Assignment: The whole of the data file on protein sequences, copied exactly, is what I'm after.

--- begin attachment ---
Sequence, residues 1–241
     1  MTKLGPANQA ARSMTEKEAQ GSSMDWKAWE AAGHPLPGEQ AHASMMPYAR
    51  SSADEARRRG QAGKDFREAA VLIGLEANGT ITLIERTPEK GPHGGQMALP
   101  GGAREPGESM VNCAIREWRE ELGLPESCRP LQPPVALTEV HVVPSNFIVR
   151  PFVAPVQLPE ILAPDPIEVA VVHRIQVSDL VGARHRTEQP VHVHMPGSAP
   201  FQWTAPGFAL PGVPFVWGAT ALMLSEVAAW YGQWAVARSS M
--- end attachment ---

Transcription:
Sequence, residues 1–241
     1  MTKLGPANQA ARSMTEKEAQ GSSMDWKAWE AAGHPLPGEQ AHASMMPYAR
    51  SSADEARRRG QAGKDFREAA VLIGLEANGT ITLIERTPEK GPHGGQMALP
   101  GGAREPGESM VNCAIREWRE ELGLPESCRP LQPPVALTEV HVVPSNFIVR
   151  PFVAPVQLPE ILAPDPIEVA VVHRIQVSDL VGARHRTEQP VHVHMPGSAP
   201  FQWTAPGFAL PGVPFVWGAT ALMLSEVAAW YGQWAVARSS M